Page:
In addition to managing the six businesses, Prapaisilp is highly engaged in civic work across the city. He currently serves on the boards of FOCUS St. Louis and the Asian American Chamber of Commerce, and his service contributions have ramped up considerably in the last few years.
“At first the chamber was an outreach platform for Asian American business folks to find support and knowledge,” he says. “Then we were able to use the platform for so much more, bringing together the whole city of St. Louis to support the Asian community.” For example, the Prapaisilp family led a citywide effort to donate sales proceeds to the Very Asian Foundation, an organization founded to offer “support and resources for the expansion of Asian stories and experiences” following a social media movement centered around the hashtag #VeryAsian, which fosters pride in Asian American and Pacific Islander identities. (The hashtag went viral after KSDK news anchor and Korean American Michelle Li was criticized by a viewer for sharing Korean New Year’s traditions.)
Currently, the Prapaisilps are hosting a holiday spice drive at Global Foods. The drive lasts through Dec. 24 and is designed to supplement seasonal canned food donations so families can prepare authentic meals that taste like home. Last year, it provided nearly 30 pounds of spices to community members in need.
Beyond philanthropy, a service-oriented mindset has always been central to the family’s approach to business. When Suchin and Sue Prapaisilp first entered the food industry in the 1970s, working for a food retail business run by Suchin’s relatives, the United States was in the process of resettling large numbers of Vietnamese refugees, so the couple catered to the home-cooking needs of that demographic. More recently, with the influx of Afghan refugees to St. Louis, Prapaisilp and his parents have been proactive about making this community feel welcome.
“We let recent Afghan immigrants know that we’re here for them, that we want to give them a little taste of home, whether that’s through particular types of rice they enjoy, spices such as cardamom or other South Asian ingredients we have on hand,” he says, noting that Global Foods is more of a community gathering place than just a grocery store.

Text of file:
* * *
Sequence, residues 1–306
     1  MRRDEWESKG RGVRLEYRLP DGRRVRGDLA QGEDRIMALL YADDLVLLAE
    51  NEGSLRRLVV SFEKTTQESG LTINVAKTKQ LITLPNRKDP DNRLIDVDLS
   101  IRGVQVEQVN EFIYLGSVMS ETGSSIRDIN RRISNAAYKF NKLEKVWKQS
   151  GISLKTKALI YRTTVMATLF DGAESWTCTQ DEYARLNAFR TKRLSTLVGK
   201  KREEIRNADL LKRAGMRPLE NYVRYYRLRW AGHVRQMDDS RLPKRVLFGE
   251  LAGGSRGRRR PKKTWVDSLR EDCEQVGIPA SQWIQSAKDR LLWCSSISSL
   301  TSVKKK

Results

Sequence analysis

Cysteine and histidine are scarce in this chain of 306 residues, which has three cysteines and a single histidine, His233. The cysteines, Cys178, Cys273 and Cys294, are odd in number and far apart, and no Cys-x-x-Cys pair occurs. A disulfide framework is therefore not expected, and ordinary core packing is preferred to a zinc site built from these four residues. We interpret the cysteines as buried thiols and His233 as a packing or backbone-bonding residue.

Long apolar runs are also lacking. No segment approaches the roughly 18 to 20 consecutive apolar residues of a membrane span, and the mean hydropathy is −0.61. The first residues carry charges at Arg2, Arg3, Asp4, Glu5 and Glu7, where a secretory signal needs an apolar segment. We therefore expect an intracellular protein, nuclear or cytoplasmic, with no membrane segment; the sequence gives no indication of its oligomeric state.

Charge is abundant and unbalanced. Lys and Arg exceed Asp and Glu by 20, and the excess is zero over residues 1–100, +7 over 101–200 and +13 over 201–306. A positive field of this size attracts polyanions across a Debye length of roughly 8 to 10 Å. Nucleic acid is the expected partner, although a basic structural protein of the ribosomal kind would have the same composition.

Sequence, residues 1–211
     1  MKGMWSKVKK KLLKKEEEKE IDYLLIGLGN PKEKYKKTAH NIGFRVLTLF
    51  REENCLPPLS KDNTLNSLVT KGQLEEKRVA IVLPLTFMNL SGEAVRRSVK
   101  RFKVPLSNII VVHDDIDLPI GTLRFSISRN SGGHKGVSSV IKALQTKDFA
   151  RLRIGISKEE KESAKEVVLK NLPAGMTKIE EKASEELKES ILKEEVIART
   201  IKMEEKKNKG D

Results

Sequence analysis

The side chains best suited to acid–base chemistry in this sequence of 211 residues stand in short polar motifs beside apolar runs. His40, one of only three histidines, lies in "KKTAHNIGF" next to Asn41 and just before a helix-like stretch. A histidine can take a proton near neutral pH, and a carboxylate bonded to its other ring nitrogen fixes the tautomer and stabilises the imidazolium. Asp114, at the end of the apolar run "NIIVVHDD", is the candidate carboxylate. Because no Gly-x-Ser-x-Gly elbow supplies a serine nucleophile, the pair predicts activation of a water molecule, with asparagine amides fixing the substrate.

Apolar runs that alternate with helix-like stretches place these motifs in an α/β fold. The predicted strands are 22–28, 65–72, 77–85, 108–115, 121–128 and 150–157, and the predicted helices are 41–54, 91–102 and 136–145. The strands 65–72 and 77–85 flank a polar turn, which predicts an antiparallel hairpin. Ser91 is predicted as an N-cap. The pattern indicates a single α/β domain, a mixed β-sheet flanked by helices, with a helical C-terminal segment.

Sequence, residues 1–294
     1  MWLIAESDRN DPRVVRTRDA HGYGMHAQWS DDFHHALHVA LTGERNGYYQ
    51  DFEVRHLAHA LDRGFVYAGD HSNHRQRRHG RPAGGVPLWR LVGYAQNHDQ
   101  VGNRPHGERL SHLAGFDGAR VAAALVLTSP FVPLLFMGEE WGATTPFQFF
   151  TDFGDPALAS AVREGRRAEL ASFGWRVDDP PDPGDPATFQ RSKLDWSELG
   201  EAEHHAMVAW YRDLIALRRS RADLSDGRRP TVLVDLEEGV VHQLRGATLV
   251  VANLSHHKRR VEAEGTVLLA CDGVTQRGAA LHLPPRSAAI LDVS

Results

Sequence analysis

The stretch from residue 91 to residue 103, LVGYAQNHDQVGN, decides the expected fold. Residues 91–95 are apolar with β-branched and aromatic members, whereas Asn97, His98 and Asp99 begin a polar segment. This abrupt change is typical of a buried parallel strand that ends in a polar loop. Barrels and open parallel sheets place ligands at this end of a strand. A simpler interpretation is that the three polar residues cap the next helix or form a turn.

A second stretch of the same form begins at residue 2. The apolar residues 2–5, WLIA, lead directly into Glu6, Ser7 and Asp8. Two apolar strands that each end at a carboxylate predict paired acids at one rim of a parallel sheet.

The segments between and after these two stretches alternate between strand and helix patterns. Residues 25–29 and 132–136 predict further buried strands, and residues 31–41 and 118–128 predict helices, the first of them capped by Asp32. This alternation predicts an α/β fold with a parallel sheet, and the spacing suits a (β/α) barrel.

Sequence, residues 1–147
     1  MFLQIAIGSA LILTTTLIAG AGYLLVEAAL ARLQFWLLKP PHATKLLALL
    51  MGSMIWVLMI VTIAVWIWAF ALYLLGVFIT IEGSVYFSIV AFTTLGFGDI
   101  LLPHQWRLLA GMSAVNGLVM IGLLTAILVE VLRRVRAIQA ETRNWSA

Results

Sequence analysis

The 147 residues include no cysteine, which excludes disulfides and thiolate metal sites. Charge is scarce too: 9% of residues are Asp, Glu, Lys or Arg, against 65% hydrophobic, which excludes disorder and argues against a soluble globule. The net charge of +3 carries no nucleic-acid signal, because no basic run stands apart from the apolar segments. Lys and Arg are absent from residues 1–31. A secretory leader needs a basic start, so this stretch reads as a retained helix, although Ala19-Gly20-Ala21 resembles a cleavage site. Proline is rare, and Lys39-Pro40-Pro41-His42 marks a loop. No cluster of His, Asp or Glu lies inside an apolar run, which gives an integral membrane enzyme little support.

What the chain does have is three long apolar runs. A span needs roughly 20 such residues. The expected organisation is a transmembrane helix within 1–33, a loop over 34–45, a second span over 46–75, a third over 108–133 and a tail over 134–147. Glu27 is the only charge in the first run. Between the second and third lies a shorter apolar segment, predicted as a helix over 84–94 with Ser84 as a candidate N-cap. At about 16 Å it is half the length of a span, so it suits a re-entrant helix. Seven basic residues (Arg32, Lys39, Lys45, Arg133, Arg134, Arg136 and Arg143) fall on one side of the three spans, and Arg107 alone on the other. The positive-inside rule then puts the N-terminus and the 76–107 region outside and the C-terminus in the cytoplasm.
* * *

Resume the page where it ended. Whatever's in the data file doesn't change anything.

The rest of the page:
“It’s one of the few places in St. Louis where you can hear eight, nine, 10 different languages going on,” says Prapaisilp, “And people from five different continents asking each other, ‘What do you make with that? How do you use that?’”
Suchin and Sue Prapaisilp know firsthand what it’s like to be newcomers with limited means in an unfamiliar country. Independently of each other, they came to the United States as students: Sue studied psychology at the University of Illinois Chicago, and Suchin started an engineering degree at Saint Louis University. He dropped out of school for financial reasons and joined Jay International Food Co., an international grocery store run by his uncles and cousins. His path crossed with Sue on business trips to Chicago while purchasing stock for the store, and the rest is history.
The couple’s considerable impact on the St. Louis food scene originated with practical concerns, Prapaisilp notes. “It’s as simple as they were here as students, and they were out of money. They needed to start working,” he says. And yet, they developed a strong affinity for the work, pouring themselves into it with a level of consistency and heartfeltness that kept customers coming back for decades.
Prapaisilp’s day-to-day work entails a variety of managerial tasks, from reviewing health insurance information to upholding legal policies. But the central focus of the business — food — is what gets him out of bed every morning.
“Honestly, I love feeding people in all the different ways that we do,” he says. “Whether it’s folks missing a piece of their homeland and finding it in St. Louis, or folks coming in on a cold day and having a hot bowl of curry, seeing how that warmth makes them happy. It’s a big deal for us, serving good food to every St. Louisan as the city becomes more diverse.”
And St. Louis, according to Prapaisilp, is a nearly ideal place to undertake this work. “Something unique to St. Louis is the amount of collaboration that happens here,” he explains. “Folks go out of their way to help each other succeed.”
He encourages would-be entrepreneurs to come to the city with their novel idea, as his parents did, albeit with some apprehension, so many years ago. “People are surprised by how receptive folks are here, whether it’s a new type of cuisine or a new concept,” he says. “People want to try new things.
“If you have a new idea, St. Louis is a really welcoming community.”
Join the Story
Stop by Global Foods in Kirkwood to participate in their spice drive.